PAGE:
Teaching the French & Indian War
Duke it out.
In this corner, in the blue, white, and red trunks: the French! In the other corner, in something way more fashionable: the Indians! And in the middle: you, having to teach this conflict to an audience of students (!). Don't sweat it: our teaching guide can coach you to victory.
In this guide you will find
- an activity mapping the territories and key battlegrounds of the conflict.
- historical resources on the American Revolution and Native American history.
- essay questions on the consequences of the war.
And so much more.
With Shmoop in your corner, you're on track for a knockout lesson.
What's Inside Shmoop's History Teaching Guides
Shmoop is a labor of love from folks who love to teach. Our teaching guides will help you supplement in-classroom learning with fun, engaging, and relatable learning materials that bring history to life.
Inside each guide you'll find quizzes, activity ideas, discussion questions, and more—all written by experts and designed to save you time. Here are the deets on what you get with your teaching guide:
- 3-5 Common Core-aligned activities (including quotation, image, and document analysis) to complete in class with your students, with detailed instructions for you and your students.
- Discussion and essay questions for all levels of students.
- Reading quizzes to be sure students are looking at the material through various lenses.
- Resources to help make the topic feel more relevant to your 21st-century students.
- A note from Shmoop's teachers to you, telling you what to expect from teaching the topic and how you can overcome the hurdles.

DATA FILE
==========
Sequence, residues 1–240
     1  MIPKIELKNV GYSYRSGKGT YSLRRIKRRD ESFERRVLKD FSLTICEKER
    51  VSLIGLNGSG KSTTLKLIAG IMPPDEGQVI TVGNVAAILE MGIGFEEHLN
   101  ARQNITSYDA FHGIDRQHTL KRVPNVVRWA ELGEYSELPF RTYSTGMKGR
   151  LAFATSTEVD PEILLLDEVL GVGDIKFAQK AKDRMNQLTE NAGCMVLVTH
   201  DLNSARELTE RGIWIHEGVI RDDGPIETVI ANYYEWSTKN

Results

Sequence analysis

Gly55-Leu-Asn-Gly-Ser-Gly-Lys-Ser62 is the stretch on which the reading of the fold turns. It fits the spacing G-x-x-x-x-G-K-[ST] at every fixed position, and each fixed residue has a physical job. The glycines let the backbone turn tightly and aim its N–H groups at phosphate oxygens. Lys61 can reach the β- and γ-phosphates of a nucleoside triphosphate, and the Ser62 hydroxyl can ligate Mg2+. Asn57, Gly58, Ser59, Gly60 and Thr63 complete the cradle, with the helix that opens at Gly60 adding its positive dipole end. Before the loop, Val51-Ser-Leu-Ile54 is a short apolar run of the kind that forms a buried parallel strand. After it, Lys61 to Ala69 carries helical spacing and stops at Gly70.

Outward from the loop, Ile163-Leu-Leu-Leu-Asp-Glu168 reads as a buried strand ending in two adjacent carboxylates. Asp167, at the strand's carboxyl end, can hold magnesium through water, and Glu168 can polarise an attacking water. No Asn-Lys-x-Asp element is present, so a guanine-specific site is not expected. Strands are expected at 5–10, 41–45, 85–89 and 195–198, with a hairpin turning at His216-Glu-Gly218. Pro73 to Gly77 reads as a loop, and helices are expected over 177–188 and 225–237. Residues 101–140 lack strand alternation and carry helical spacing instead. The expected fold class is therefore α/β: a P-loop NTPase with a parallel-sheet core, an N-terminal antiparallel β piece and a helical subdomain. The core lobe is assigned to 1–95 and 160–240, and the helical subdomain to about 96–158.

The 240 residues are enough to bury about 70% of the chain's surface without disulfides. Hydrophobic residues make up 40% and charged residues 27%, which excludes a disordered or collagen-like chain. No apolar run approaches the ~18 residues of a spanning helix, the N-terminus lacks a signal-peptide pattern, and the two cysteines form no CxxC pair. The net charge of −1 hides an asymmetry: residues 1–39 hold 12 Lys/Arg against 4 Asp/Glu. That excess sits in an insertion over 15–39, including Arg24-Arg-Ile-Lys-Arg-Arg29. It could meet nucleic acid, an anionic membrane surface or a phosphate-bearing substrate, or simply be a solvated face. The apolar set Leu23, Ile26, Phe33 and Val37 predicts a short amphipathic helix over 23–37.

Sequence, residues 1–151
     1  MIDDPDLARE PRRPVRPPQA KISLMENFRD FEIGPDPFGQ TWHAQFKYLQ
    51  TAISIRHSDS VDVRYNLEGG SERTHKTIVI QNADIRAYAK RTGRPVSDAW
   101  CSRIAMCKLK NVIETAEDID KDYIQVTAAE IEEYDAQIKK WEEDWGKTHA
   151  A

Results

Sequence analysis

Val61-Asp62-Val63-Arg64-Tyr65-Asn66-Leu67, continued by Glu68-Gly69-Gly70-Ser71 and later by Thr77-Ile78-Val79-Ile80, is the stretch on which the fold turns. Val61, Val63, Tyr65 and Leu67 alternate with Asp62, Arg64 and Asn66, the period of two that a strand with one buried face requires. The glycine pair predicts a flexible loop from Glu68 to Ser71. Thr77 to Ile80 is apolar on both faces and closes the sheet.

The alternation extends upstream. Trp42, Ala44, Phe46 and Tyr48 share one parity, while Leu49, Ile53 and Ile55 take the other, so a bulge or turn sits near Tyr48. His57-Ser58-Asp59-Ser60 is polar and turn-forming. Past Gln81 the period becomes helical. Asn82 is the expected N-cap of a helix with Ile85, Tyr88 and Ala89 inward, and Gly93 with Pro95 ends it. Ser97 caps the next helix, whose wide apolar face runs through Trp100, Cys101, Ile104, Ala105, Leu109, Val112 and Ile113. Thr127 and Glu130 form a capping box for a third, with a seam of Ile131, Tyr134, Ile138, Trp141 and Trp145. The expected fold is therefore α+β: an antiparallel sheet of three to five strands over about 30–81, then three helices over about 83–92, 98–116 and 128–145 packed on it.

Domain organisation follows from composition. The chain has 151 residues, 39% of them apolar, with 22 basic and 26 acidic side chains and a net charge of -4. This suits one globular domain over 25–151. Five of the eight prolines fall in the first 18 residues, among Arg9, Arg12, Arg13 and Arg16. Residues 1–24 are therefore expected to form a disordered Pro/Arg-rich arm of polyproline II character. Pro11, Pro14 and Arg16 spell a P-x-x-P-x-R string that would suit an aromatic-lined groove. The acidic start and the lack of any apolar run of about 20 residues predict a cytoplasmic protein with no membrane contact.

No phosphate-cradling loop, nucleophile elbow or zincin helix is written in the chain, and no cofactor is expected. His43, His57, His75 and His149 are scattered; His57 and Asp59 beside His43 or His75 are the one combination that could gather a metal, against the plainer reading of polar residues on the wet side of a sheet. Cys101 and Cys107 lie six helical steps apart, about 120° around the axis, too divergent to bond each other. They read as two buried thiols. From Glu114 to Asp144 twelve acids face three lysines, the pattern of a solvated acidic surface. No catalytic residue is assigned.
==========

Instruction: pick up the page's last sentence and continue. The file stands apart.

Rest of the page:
Instructions for You
In this debate activity, your students will explore whether certain military tactics violate the "rules" of warfare and they will debate the appropriateness of the British use of germ warfare during Pontiac's Rebellion.
1. Share with your students these documents in which British soldiers discuss the distribution of smallpox infested blankets to the hostile Indians of the region.
2. Collectively generate two lists—one with reasons why smallpox warfare should be used during this war, and one with reasons why it should not. Encourage your students to approach the question from as many angles as possible—military, practical, moral, diplomatic, long-term, short-term.
3. Ask your students to write a one-paragraph statement of their position. Use these to focus a larger group discussion of the question.
4. Conclude the exercise by asking your students to add a second paragraph that responds to points raised in the discussion and develops their own position further.
Instructions for Your Students
Is all fair in war? Or are certain ways of fighting just unacceptable? Or are these kinds of distinctions between one form of violence and another illogical?
Read these excerpts from British military officers during Pontiac's Rebellion and be prepared to debate the appropriateness of their plans.
Already have a license?
CLICK HERE to sign in!
Common Core Standards
The following standards are covered in this course:CCSS.ELA-Literacy.RH.9-10.1